Tornadoes, Guns, and Cars: How Should a Mom Allocate Her Worry?
The heartbreaking deaths of young children from the devastating tornado in Oklahoma layer another scar over the one left on our national consciousness from the shootings at Sandy Hook Elementary School. For me, and I’m sure many parents and caregivers, these stories make lasting imprints. These images flash through my mind as I look at my children and how vulnerable they are—and I wonder where my worry is best focused and whether there is anything I could do to protect them anyway.
Although death of a child is rare (.07% from ages 0 to 19), at least one-third of those deaths are from what are called “external” incidents, i.e., not diseases or other medical conditions; these are deaths that potentially can be prevented.
Three of the biggest causes of death for these preventable events across our children’s lives (to age 19) are motor vehicles accidents (mostly in teenage years from inexperienced drivers), homicide (primarily in infant and teenage years), and suffocation (nearly always infants).
So, what is the likelihood of these two recent horrible events in Oklahoma and Sandy Hook? If we use past data to predict the future, the number of children who were victims of tornadoes or other cataclysmic storms was rare, about one and a half out of 10 million. Just for comparison, that rate is about half the number of children who die from being bitten or struck by mammals, including dogs (3 out of 10 million). In any case, to date, these incidents are still rare, even in tornado-belt states.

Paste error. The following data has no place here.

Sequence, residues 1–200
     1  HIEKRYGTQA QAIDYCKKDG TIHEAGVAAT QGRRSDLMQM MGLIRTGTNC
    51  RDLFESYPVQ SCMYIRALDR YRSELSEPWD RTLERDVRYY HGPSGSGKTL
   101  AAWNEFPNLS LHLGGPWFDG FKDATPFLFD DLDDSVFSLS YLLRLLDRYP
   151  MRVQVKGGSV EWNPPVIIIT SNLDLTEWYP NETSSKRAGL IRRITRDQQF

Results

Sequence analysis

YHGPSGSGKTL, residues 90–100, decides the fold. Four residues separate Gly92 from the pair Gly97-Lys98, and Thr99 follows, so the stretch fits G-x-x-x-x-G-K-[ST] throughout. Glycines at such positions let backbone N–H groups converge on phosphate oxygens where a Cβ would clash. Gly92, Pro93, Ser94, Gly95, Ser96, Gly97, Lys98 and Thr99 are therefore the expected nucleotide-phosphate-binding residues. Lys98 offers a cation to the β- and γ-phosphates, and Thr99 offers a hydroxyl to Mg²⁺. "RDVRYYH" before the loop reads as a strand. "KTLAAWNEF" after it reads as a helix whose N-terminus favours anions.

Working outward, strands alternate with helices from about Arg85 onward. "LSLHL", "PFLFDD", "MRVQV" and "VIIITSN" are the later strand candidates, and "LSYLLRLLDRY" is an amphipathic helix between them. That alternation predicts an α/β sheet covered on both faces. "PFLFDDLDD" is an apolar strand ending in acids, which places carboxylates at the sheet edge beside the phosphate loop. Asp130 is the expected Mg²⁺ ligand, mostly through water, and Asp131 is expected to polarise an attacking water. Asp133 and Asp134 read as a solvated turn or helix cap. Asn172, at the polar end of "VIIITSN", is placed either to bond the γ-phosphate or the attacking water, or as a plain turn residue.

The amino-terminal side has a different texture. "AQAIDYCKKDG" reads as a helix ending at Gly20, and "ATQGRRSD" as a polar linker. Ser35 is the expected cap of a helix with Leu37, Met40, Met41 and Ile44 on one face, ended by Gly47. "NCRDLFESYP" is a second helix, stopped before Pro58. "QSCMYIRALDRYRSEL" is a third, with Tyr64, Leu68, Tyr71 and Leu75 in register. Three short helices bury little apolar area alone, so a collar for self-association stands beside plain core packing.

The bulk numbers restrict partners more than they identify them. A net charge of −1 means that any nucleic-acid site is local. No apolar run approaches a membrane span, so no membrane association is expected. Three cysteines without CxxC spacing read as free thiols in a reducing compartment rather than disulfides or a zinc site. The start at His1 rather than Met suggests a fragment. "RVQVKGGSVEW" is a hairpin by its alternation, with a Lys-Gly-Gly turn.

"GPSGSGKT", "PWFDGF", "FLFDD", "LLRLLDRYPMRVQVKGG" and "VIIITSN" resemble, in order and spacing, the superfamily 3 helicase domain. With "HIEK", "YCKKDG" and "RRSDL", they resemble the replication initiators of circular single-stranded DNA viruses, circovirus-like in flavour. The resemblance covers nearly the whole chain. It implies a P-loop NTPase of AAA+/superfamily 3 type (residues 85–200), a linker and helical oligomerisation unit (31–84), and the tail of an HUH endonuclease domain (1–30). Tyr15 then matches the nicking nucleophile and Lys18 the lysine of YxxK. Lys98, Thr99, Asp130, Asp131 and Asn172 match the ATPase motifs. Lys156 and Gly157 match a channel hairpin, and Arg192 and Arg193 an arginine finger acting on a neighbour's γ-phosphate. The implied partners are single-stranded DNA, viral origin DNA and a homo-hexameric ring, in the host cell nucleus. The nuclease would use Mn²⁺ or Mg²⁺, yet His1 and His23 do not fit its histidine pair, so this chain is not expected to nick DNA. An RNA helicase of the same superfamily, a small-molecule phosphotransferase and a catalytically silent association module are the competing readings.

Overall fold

Sandy Hook is a different story. Homicide is the second most common cause of external deaths among children, and about two-thirds of those deaths are from guns, as in the case of Sandy Hook. Most of the deaths occur in teenage years, when the impulsive and risk-taking teenage brain interacts with highly effective guns. What would have gone down as a bad decision becomes a deadly one. In fact, if we add the number of children who used a gun to commit suicide and the number of purely accidental gun deaths, one out of every six of the accidental deaths of childhood is from guns. In other words, a child dying from a bullet is more common that we want to acknowledge.
While I am inescapably overwhelmed by witnessing these heart-wrenching events, we owe it to all the lives lost—including the heroes who died protecting our children—to ask questions, learn, and focus our energies to begin where most children are unnecessarily lost: primarily teen-related motor vehicle accidents, gun-related homicide, and infant-related suffocation. If parents come together and focus together, we can achieve lasting change—and the stories we will carry with us will be success stories.